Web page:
Bike Rack for SUV *and* sedan?

Discussion in 'Cycling Equipment' started by Mr . Toad, Apr 17, 2003.

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  1. Mr . Toad

    Mr . Toad Guest

    Can anyone recommend a bike rack that can be moved from vehicle to vehicle, versatile enough for use
    with a SUV as well as a sedan? TIA John
     
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  2. Matt O'Toole

    Matt O'Toole Guest

    "Mr. Toad" <[email protected]> wrote in message news:[email protected]...

    > Can anyone recommend a bike rack that can be moved from
    vehicle to
    > vehicle, versatile enough for use with a SUV as well as a
    sedan?

    Thule or Yakima.

    There are plenty of other good racks, but these have the best support -- you can get parts and
    accessories everywhere. They also have good resale value if you don't need them anymore. You may or
    may not need different feet for each vehicle. The load bars have to be long enough to fit the wider
    of the two vehicles.

    If you happen to have trailer hitches on both vehicles, a trailer hitch rack is a no-brainer.

    Matt O.
     
  3. Joseph S.

    Joseph S. Guest

    I have a smallish honda CRV and with the big side of the of the split rear seat side folded over I
    put 2 mountain bikes mounted on fork mounts mounted on a strip of plywood that runs across the floor
    in the back of the car. The only trick to this is to turn the handlebars about 150 degrees.

    Joseph
     
  4. Joe Gilmore

    Joe Gilmore Guest

    I've been happy with a Thule that I swap between an SUV (Jeep Grand Cherokee) and a "sedan" (Volvo).
    But, I'm sure Yakima and even some of the "private label" racks (Performance Bikes) are decent. "Mr.
    Toad" <[email protected]> wrote in message news:[email protected]...
    > Can anyone recommend a bike rack that can be moved from vehicle to vehicle, versatile enough for
    > use with a SUV as well as a sedan? TIA John
     
  5. Doug Kanter

    Doug Kanter Guest

    "Mr. Toad" <[email protected]> wrote in message news:[email protected]...
    > Can anyone recommend a bike rack that can be moved from vehicle to vehicle, versatile enough for
    > use with a SUV as well as a sedan? TIA John

    Check www.thuleracks.com and use their wizard thing to determine which parts are needed to put a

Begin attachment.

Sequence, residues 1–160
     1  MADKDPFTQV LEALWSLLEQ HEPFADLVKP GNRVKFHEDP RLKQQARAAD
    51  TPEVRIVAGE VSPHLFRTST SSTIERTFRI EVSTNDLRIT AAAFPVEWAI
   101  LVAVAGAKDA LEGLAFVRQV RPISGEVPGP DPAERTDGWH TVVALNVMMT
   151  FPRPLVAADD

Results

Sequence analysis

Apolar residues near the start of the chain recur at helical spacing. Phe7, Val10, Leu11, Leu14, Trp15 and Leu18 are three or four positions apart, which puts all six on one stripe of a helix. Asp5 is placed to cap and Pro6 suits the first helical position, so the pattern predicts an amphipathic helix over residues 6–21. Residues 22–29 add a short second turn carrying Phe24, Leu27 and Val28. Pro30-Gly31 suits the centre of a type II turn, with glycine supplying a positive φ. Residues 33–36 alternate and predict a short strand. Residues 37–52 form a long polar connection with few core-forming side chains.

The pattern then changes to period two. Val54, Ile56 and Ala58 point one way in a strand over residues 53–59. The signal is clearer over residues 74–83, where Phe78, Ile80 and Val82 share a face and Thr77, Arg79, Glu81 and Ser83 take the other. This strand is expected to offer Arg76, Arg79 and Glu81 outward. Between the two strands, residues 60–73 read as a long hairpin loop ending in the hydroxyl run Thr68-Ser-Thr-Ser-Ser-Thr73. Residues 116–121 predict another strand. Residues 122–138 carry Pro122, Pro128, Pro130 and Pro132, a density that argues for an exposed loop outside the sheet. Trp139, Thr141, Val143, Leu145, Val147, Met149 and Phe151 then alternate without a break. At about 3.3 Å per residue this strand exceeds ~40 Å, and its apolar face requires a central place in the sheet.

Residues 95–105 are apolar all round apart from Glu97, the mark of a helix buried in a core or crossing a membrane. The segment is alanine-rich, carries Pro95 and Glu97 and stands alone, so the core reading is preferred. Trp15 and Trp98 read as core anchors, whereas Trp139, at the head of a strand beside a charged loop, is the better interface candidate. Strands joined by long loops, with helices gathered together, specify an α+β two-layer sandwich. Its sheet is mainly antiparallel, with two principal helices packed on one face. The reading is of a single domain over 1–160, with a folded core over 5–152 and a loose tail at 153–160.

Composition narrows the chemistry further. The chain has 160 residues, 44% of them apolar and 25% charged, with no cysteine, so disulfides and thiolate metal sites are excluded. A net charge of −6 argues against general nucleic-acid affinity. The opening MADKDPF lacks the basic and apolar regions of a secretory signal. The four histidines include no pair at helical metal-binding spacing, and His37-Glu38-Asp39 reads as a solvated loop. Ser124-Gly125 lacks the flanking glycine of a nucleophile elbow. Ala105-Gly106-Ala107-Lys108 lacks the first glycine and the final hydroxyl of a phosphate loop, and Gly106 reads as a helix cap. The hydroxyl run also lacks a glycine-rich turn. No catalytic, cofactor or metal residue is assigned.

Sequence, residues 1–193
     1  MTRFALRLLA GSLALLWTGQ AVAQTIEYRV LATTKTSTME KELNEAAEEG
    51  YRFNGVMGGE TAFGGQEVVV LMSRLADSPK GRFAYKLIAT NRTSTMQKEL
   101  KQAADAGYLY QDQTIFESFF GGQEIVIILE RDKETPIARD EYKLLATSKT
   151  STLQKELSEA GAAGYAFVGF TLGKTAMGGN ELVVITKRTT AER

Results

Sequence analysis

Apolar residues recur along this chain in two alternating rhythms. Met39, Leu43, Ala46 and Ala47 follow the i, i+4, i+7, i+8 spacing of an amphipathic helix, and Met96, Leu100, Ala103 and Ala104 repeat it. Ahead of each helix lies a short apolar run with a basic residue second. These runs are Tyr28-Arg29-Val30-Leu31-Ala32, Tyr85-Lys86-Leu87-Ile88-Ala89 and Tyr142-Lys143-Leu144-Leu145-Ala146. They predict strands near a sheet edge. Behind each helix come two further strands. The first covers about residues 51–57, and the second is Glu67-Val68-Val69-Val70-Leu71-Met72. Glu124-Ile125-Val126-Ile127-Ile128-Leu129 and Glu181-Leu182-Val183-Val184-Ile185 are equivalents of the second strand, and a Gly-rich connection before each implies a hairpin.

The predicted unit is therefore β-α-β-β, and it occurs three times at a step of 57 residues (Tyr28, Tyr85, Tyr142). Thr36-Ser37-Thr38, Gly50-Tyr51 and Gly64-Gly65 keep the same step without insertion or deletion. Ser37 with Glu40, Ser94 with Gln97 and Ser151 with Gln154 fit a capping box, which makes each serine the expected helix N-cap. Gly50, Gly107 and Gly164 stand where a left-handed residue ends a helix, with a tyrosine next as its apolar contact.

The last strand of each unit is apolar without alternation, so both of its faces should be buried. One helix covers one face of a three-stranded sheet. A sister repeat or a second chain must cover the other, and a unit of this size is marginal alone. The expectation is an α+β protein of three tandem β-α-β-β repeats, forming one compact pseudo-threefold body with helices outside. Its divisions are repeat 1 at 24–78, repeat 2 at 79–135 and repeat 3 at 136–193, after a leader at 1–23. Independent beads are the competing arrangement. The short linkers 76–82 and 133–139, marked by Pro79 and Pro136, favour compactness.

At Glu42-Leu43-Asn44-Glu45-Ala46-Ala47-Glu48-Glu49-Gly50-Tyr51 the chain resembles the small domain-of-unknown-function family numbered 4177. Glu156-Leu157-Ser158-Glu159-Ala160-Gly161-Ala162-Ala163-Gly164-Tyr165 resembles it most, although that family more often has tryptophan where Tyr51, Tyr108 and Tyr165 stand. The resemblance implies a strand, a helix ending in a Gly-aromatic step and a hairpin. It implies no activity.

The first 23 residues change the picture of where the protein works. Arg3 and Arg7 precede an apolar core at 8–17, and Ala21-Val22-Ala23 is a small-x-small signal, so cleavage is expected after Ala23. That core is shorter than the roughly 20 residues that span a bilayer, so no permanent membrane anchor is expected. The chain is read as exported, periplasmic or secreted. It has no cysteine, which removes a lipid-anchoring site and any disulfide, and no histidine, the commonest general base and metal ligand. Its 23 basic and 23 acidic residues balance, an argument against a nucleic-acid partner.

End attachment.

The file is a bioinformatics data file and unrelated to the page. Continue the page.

rack on each of your vehicles. If you're lucky, you'll find that the "foot packs", or whatever they
    call the clips that hold onto the top of the car, are the same. If not, you'll need different sets
    for each vehicle. But, the crossbars and bike holders can remain the same.

    This doesn't mean that you're going to swap the rack back and forth 14 times a week. The bars fit
    into the holes on the brackets very tightly, and are held in place by set screws (if I recall
    correctly). You'll need 1/2 hour to an hour to make the swap.

    Yakima probably has a similar arrangement. Both companies offer bike carriers that fit into hitch
    receivers. Not a bad idea, but I don't know if they swing out of the way so you can open the
    tailgate of the SUV. On the other hand, getting bikes off the roof of the SUV could be interesting,
    depending on your mood, fatigue level, and height of vehicle.
     
  6. Matt O'Toole

    Matt O'Toole Guest

    "Doug Kanter" <[email protected]> wrote in message
    news:[email protected]...

    > Check www.thuleracks.com and use their wizard thing to
    determine which parts
    > are needed to put a rack on each of your vehicles. If
    you're lucky, you'll
    > find that the "foot packs", or whatever they call the
    clips that hold onto
    > the top of the car, are the same. If not, you'll need
    different sets for
    > each vehicle. But, the crossbars and bike holders can
    remain the same.
    >
    > This doesn't mean that you're going to swap the rack back
    and forth 14 times
    > a week. The bars fit into the holes on the brackets very
    tightly, and are
    > held in place by set screws (if I recall correctly).
    You'll need 1/2 hour to
    > an hour to make the swap.

    Huh? Even if you have to swap bars, feet, and accessories, it shouldn't take more than 10 minutes.
    I've used Thule racks for over 15 years, sometimes taking them on and off every day. It usually
    takes about a minute. The newer feet don't have the set screw anymore. They just slip on the bar and
    clamp down as they settle into a final angle. The only fiddliness is getting the bar perfectly